[Note 6] General Laws c. 234, Section 28 (1986 ed.), provides: "Upon motion of either party, the court shall, or the parties or their attorneys may under the direction of the court, examine on oath a person who is called as a juror therein, to learn whether he is related to either party or has any interest in the case, or has expressed or formed an opinion, or is sensible of any bias or prejudice, therein; and the objecting party may introduce other competent evidence in support of the objection. If the court finds that the juror does not stand indifferent in the case, another shall be called in his stead. In a criminal case such examination shall include questions designed to learn whether such juror understands that a defendant is presumed innocent until proven guilty, that the commonwealth has the burden of proving guilt beyond a reasonable doubt, and that the defendant need not present evidence in his behalf. If the court finds that such juror does not so understand, another shall be called in his stead.
"For the purpose of determining whether a juror stands indifferent in the case, if it appears that, as a result of the impact of considerations which may cause a decision or decisions to be made in whole or in part upon issues extraneous to the case, including, but not limited to, community attitudes, possible exposure to potentially prejudicial material or possible preconceived opinions toward the credibility of certain classes of persons, the juror may not stand indifferent, the court shall, or the parties or their attorneys may, with the permission and under the direction of the court, examine the juror specifically with respect to such considerations, attitudes, exposure, opinions or any other matters which may, as aforesaid, cause a decision or decisions to be made in whole or in part upon issues extraneous to the issues in the case. Such examination may include a brief statement of the facts of the case, to the extent the facts are appropriate and relevant to the issue of such examination, and shall be conducted individually and outside the presence of other persons about to be called as jurors or already called."
[Note 7] The principles stated in both cases were closely circumscribed by the facts of the cases. Sanders, supra, stated that a judge must question each juror in cases involving an interracial rape, and Hobbs, supra, stated that questioning must occur in cases where there are interracial sexual offenses against children. In neither case was reversal required. The rules were applied only to future cases. Neither case rests on constitutional grounds, but, rather, each relies on our superintendency powers to implement the statutory policy set forth in G. L. c. 234, Section 28. See Sanders, supra at 640-641; Hobbs, supra.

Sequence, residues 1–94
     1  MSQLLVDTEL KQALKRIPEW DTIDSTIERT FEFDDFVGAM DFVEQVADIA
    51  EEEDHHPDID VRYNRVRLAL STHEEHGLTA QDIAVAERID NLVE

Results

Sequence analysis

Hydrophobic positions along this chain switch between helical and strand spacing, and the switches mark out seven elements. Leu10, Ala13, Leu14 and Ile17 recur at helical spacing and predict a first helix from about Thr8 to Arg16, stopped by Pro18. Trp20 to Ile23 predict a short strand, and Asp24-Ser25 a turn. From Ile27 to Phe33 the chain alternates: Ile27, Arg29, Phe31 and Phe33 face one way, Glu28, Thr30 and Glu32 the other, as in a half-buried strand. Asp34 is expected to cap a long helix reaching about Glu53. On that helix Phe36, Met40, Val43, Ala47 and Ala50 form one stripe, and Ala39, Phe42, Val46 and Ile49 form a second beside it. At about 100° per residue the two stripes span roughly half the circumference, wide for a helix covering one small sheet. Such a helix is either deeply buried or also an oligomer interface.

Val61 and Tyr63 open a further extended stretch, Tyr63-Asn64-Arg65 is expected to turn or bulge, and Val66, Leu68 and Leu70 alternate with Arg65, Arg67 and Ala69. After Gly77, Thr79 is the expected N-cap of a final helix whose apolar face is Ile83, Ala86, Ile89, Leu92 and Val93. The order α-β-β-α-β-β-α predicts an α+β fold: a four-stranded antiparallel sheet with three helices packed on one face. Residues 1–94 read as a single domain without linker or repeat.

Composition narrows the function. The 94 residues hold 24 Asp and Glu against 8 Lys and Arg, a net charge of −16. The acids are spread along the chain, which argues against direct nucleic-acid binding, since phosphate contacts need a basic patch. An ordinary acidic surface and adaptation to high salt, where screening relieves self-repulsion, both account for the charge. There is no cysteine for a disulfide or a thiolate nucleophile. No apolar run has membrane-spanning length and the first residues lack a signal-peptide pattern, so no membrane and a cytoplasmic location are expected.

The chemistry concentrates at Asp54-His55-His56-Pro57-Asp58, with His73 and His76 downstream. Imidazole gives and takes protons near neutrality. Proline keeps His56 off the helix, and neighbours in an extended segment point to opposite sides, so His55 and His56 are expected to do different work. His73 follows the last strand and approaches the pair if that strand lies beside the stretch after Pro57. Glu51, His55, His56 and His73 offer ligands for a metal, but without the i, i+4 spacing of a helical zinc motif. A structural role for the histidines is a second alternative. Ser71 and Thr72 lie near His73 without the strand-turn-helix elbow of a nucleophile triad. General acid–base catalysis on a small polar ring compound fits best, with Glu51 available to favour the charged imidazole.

[Note 8] While the Rosales-Lopez plurality stated a broader rule applying to all "crimes of violence" and to "ethnic," as well as racial, groups, we feel that we should adhere to the basic precepts set forth in Sanders. State courts deal with a diversity of crimes greater than those involved in the Federal courts. The crimes "of violence" in our State may involve a range from a minor misdemeanor (assault and battery) to murder, a major felony. Thus, in this context, we take a more cautious course in extending the principles of Rosales-Lopez and Sanders. Sanders was a case involving a victim and a defendant of different races and involved a major crime of violence, namely rape. The facts of this case involve an interracial murder. Thus, we limit our rule and leave the application of the principles embedded in G. L. c. 234, Section 28, in other instances, to the sound discretion of our trial judges.
We reiterate that, before such an inquiry is made of prospective jurors, the judge should assure himself by colloquy with the defendant that the defendant personally wishes such inquiry with understanding that the question "may activate latent racial bias in certain prospective jurors or may insult others without uncovering evidence of bias in hard-core bigots who refuse to acknowledge their prejudice." Commonwealth v. Rivera, 397 Mass. 244 , 251 (1986), quoting Commonwealth v. Lumley, supra at 217. See Commonwealth v. A Juvenile (No. 2), 396 Mass. 215 , 223-224 (1985).
[Note 9] The defendant in Ham, supra at 525, was charged with possession of marihuana. He had no prior criminal record and had been extremely active in the local civil rights movement. His defense was that he "had been framed" on the drug charge, and the police were "out to get him" because of his civil rights activities. Prior to the judge's voir dire of prospective jurors, defense counsel requested that the judge ask the jurors questions about possible prejudice against the defendant. The trial judge refused to ask the questions presented by defense counsel, but did ask general questions relating to bias.
[Note 10] By the time of deliberations, both black members of the petit jury were excused. One member was excused because a default warrant was executed against him. The other remaining black member was excused when she broke her shoulder. An all-white jury determined the verdict. The defendant moved for a mistrial based on his previous Soares motions, arguing that the defendant was not being tried now by a jury fairly representing the community. The argument is without merit. We do not consider the principles stated in Soares to constitute a guarantee against fortuitous events such as these.
[Note 11] Batson adds nothing new to the law already established in this Commonwealth. The analysis in Batson, supra, is similar to the analysis in Soares, supra, albeit on different constitutional grounds.
[Note 12] The judge also told the juror not to discuss anything that had happened with the other jurors.